[READER QUESTION] Carrying Concealed During Car Accident — What To Do?


Reader: “During this past Christmas, I was driving home from the in-laws with my wife and my son in the back. We’ve been getting hit with a lot of snow where I live. It was snowing pretty hard (6-8”) and the roads were only semi-plowed.

We were on the highway and I noticed the car in front of me slam on his brakes. I hit my brakes and felt them lock up under my foot. I was only going 30 mph and just narrowly managed to stop before hitting the vehicle in front. The truck behind me slammed right into the back of our Civic. That knocked us into the vehicle in front of us and sent the car careening off into the highway median. Our car ended up skidding, too, but I managed to pull us into the breakdown lane.

The truck pulled off to the median and stood by for police to arrive. State Troopers showed up within 15 minutes, alongside an ambulance and fire truck.

My family was fine but I busted my nose on the steering wheel and was bleeding pretty bad. The medics came over and I told them I had a gun on me. One of them waved over a Trooper who started asking me questions. He asked if I was a felon and I said I wasn’t. He then ran my plates and license.

Overall, I didn’t have any problems but I was just wondering how do you recommend handling a car accident while carrying concealed?

If I had been knocked unconscious or severely injured, how would First Responders know I was armed?

Could I have recovered my gun from police if it had been knocked out of the vehicle?

DISCLAIMER: I’m not an attorney and I’m not giving legal advice.

GH: First off, I’m glad you and your family are alright. I hope everyone else managed to do the same. I know we got socked in with snow over Christmas and thankfully I didn’t have to leave the house.

In regards to the first part of the question, I think you handled the situation pretty well. You were injured but still conscious and you let the First Responders know you had a gun on you.

Car accidents are incredibly common. Concealed carry incidents or injuries significantly less so. In fact, the average concealed carrier is far more likely to be in a car accident than he will ever use his gun in self-defense.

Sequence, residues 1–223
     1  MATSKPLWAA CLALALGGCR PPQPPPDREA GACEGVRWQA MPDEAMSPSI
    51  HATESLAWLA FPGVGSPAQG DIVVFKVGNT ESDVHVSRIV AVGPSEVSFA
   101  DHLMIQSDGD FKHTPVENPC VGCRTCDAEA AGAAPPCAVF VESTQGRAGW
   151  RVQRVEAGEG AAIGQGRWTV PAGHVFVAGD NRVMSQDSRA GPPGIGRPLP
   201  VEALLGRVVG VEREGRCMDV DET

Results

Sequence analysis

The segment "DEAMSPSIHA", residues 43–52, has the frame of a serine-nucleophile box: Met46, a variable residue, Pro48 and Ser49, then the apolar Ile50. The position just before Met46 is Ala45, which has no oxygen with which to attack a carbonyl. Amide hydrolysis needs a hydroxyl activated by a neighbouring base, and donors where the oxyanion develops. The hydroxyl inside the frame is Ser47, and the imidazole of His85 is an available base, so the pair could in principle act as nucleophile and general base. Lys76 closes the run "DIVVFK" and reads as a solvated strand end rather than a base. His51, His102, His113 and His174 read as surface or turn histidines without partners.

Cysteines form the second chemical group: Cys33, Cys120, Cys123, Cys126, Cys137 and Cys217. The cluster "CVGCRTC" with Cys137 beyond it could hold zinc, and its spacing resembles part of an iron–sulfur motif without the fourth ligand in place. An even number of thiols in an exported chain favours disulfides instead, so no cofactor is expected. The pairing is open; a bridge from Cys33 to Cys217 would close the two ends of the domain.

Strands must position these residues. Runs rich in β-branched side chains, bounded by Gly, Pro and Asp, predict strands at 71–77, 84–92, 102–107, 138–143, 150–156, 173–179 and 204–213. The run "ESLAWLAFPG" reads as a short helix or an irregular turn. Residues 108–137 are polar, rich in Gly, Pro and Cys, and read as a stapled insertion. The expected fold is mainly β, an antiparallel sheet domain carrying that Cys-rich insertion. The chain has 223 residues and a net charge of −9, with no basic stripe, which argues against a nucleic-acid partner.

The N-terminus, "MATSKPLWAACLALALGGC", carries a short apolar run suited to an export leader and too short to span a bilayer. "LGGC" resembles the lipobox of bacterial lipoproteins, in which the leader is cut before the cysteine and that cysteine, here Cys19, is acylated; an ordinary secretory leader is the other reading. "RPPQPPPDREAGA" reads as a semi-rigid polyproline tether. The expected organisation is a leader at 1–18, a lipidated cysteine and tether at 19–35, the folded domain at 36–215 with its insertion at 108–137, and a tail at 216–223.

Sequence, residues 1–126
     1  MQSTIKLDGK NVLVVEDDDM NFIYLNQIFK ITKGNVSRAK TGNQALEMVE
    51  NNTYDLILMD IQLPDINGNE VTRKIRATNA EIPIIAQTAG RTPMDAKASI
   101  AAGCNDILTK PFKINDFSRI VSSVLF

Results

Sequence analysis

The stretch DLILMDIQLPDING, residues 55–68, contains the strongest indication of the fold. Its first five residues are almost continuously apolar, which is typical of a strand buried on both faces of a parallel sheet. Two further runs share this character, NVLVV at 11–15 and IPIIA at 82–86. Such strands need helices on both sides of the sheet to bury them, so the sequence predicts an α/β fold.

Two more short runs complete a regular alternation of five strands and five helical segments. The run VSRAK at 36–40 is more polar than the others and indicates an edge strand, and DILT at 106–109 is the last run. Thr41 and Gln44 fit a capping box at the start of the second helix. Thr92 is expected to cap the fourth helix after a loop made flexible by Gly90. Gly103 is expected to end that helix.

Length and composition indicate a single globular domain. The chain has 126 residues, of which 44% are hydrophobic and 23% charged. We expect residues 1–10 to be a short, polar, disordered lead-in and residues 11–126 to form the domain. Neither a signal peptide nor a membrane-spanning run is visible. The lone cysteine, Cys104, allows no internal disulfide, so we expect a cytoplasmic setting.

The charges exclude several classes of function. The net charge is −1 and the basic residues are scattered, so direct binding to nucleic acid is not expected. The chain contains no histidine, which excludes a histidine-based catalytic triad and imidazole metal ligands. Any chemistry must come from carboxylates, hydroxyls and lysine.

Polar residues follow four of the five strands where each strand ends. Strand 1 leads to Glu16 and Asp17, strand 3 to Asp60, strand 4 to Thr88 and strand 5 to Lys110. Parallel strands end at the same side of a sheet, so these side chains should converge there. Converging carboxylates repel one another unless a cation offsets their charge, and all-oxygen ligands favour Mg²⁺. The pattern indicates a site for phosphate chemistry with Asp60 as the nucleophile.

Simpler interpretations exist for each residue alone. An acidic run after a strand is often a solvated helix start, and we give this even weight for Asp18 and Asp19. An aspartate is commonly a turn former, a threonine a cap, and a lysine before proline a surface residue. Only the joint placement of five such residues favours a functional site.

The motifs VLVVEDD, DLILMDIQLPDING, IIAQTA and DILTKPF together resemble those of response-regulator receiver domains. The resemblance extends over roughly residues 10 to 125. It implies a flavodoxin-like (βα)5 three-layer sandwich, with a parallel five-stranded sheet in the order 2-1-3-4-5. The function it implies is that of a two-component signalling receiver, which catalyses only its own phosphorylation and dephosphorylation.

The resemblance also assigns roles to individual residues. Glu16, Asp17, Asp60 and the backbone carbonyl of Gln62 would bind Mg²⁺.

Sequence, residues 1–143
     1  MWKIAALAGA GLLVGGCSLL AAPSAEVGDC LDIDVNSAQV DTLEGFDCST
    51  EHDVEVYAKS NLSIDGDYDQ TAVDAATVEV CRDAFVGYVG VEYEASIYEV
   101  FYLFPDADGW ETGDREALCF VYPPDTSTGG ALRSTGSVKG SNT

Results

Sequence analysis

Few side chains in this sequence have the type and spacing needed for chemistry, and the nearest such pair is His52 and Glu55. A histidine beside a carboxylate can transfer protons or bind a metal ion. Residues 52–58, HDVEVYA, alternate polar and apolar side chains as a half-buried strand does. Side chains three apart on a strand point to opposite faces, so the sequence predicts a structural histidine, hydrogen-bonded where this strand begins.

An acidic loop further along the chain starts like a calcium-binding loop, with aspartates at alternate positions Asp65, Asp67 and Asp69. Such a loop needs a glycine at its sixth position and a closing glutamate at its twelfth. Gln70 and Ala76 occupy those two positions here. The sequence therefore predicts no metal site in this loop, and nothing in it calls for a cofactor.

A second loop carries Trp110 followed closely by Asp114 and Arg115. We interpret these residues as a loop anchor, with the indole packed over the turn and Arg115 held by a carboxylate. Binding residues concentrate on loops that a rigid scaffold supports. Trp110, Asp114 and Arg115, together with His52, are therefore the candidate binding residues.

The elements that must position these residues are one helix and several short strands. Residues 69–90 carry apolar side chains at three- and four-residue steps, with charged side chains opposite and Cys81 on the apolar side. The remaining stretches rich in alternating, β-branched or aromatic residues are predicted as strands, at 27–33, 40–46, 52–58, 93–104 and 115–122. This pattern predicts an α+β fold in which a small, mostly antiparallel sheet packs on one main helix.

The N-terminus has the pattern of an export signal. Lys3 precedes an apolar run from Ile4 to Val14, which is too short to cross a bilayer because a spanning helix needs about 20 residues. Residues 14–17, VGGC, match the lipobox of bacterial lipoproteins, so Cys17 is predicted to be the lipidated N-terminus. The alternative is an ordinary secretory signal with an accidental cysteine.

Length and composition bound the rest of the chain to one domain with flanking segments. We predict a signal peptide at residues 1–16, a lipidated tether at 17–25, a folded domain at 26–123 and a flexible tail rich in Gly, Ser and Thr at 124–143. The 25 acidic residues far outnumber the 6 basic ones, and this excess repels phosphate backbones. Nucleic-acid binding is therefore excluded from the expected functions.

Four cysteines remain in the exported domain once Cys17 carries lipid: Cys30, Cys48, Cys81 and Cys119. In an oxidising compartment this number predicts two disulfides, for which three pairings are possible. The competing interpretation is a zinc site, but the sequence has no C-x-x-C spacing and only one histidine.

It’s only natural, then, that we should focus on concealed carry habits during an auto accident.

First Responders Will Quickly Determine You Are Armed

Of course, if you are knocked unconscious or rendered unable to speak or communicate, there’s not much you can do. The medics pulling you out of the wreckage will likely quickly determine you’re armed. Even more likely, though, is that they’ll see your holster and nothing in it.

At high velocities, boots come undone, bodies twist, and all sorts of wild crap happens. Even a high retention holster may inadvertently release your pistol and let it go flying inside the driver’s compartment.

I have yet to read a news story of a victim of a car accident getting shot by a pistol that flew out of a holster. Let me know if you’ve run into one in the comments section below. Until I see some stats on that, I’m going to say that for the majority of gun owners involved in car accidents, their guns are not discharging themselves due to violent impact.

Once You’ve Regained Consciousness, Contact Police

If police recover your firearms, they’ll likely confiscate them temporarily. If you want to retrieve your gun from the police after you’ve gained consciousness or recovered, you’ll need to get in touch with the police department that oversaw the accident. If you have the name of the officer present at the scene, he or she may be a good resource to find out what happened.

Because of the wide array of injuries — some long lasting and others brief — it’s hard to say what each concealed carrier will be able to do after an auto accident takes place.

In general, if you trust your family to know you’re armed, let them know. If one of them is conscious and able to speak, he or she can relay the information to First Responders.

Outside of getting your pistol back after the accident, it’s also nice to know that there is a loaded pistol somewhere in vicinity of the accident and it shouldn’t fall into the wrong hands.


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About the Author

GH is a Marine Corps veteran of Operation Iraqi Freedom and has served as a defense contractor in Afghanistan in support of Operation Enduring Freedom. His daily concealed carry handgun is a Glock 26 in a Lenwood Holsters Specter IWB or his Sig Sauer SP2022 in a Dara Holsters Appendix IWB holster.

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